2. In the calling application, create a callback method to be called when the asynchronous operation is complete, as shown in the following sample code.

    
    // Asynchronous callbacks for displaying results.
    static void AddCallback(object sender, AddCompletedEventArgs e)
    {
        Console.WriteLine("Add Result: {0}", e.Result);
    }
    
    
    
  3. Prior to calling the operation, use a new generic System.EventHandler<TEventArgs> of type <operationName>EventArgs to add the handler method (created in the preceding step) to the <operationName>Completed event. Then call the <operationName>Async method. For example:

    
    // AddAsync
    double value1 = 100.00D;
    double value2 = 15.99D;
    client.AddCompleted += new EventHandler<AddCompletedEventArgs>(AddCallback);
    client.AddAsync(value1, value2);
    Console.WriteLine("Add({0},{1})", value1, value2);
    
    
    

Note Note

The design guidelines for the event-based asynchronous model state that if more than one value is returned, one value is returned as the Result property and the others are returned as properties on the EventArgs object. One result of this is that if a client imports metadata using the event-based asynchronous command options and the operation returns more than one value, the default EventArgs object returns one value as the Result property and the remainder are properties of the EventArgs object.If you want to receive the message object as the Result property and have the returned values as properties on that object, use the /messageContract command option. This generates a signature that returns the response message as the Result property on the EventArgs object. All internal return values are then properties of the response message object.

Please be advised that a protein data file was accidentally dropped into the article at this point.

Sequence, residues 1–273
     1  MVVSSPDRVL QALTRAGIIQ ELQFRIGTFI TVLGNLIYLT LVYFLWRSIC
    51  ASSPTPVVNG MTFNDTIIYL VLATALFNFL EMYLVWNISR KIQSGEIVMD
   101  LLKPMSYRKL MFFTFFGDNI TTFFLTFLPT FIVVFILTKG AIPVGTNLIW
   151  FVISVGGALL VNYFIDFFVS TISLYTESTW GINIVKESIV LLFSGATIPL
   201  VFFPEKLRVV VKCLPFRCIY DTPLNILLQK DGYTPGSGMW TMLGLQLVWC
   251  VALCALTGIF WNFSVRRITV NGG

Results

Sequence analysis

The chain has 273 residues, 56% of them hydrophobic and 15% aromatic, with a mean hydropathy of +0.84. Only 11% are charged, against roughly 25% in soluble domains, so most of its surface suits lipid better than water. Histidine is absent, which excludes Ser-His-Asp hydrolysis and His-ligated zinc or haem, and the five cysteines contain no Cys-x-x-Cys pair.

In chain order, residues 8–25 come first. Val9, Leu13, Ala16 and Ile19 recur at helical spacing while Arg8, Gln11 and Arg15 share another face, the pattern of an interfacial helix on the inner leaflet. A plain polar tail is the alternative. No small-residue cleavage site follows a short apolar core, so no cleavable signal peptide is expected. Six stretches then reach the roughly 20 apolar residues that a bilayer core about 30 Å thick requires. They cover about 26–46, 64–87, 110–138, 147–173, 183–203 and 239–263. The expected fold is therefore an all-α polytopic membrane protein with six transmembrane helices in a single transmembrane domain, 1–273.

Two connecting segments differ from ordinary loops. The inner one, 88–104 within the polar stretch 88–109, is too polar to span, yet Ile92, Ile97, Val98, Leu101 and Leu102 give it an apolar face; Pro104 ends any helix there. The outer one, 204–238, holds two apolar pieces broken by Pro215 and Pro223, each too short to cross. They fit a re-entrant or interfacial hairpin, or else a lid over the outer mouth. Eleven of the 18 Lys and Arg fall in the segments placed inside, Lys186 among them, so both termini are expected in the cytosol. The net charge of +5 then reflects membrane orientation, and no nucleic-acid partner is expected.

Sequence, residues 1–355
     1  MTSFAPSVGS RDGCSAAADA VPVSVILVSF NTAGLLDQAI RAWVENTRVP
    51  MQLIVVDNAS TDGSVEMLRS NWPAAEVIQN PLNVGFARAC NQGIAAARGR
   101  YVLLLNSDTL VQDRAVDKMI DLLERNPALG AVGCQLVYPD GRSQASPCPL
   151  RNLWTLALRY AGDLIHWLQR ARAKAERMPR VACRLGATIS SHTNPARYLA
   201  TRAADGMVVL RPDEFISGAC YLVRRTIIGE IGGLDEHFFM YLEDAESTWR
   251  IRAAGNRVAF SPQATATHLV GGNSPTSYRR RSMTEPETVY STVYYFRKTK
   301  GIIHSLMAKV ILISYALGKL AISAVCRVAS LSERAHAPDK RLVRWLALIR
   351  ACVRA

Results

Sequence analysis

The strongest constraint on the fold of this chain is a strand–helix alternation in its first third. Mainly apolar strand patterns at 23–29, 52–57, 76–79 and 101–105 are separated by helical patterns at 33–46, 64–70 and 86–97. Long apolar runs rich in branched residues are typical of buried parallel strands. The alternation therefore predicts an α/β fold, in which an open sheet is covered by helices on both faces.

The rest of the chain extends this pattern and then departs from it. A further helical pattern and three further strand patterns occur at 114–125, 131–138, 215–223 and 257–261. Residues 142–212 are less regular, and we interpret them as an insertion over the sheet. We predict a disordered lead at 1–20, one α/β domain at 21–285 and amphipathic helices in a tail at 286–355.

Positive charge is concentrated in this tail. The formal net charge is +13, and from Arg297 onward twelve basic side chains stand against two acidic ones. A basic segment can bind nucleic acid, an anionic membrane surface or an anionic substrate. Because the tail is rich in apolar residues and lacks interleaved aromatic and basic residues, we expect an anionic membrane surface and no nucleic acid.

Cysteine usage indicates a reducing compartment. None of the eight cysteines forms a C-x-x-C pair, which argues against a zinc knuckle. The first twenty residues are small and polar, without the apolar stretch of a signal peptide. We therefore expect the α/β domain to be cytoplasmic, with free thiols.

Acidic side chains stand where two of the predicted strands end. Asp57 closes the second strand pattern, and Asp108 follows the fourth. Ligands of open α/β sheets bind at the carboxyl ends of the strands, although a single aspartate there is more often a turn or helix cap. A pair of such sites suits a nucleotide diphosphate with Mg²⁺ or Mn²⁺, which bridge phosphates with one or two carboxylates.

using System;

namespace Microsoft.ServiceModel.Samples
{
    // The service contract is defined in generatedClient.cs, generated from the service by the svcutil tool.

    class Client
    {
        static void Main()
        {
            Console.WriteLine("Press <ENTER> to terminate client once the output is displayed.");
            Console.WriteLine();

            // Create a client
            CalculatorClient client = new CalculatorClient();

            // AddAsync
            double value1 = 100.00D;
            double value2 = 15.99D;
            client.AddCompleted += new EventHandler<AddCompletedEventArgs>(AddCallback);
            client.AddAsync(value1, value2);
            Console.WriteLine("Add({0},{1})", value1, value2);

            // SubtractAsync
            value1 = 145.00D;
            value2 = 76.54D;
            client.SubtractCompleted += new EventHandler<SubtractCompletedEventArgs>(SubtractCallback);
            client.SubtractAsync(value1, value2);
            Console.WriteLine("Subtract({0},{1})", value1, value2);

            // Multiply
            value1 = 9.00D;
            value2 = 81.25D;
            double result = client.Multiply(value1, value2);
            Console.WriteLine("Multiply({0},{1}) = {2}", value1, value2, result);

            // Divide
            value1 = 22.00D;
            value2 = 7.00D;
            result = client.Divide(value1, value2);
            Console.WriteLine("Divide({0},{1}) = {2}", value1, value2, result);

            Console.ReadLine();

            //Closing the client gracefully closes the connection and cleans up resources
            client.Close();
        }

        // Asynchronous callbacks for displaying results.
        static void AddCallback(object sender, AddCompletedEventArgs e)
        {
            Console.WriteLine("Add Result: {0}", e.Result);
        }

        static void SubtractCallback(object sender, SubtractCompletedEventArgs e)
        {
            Console.WriteLine("Subtract Result: {0}", e.Result);
        }
    }
}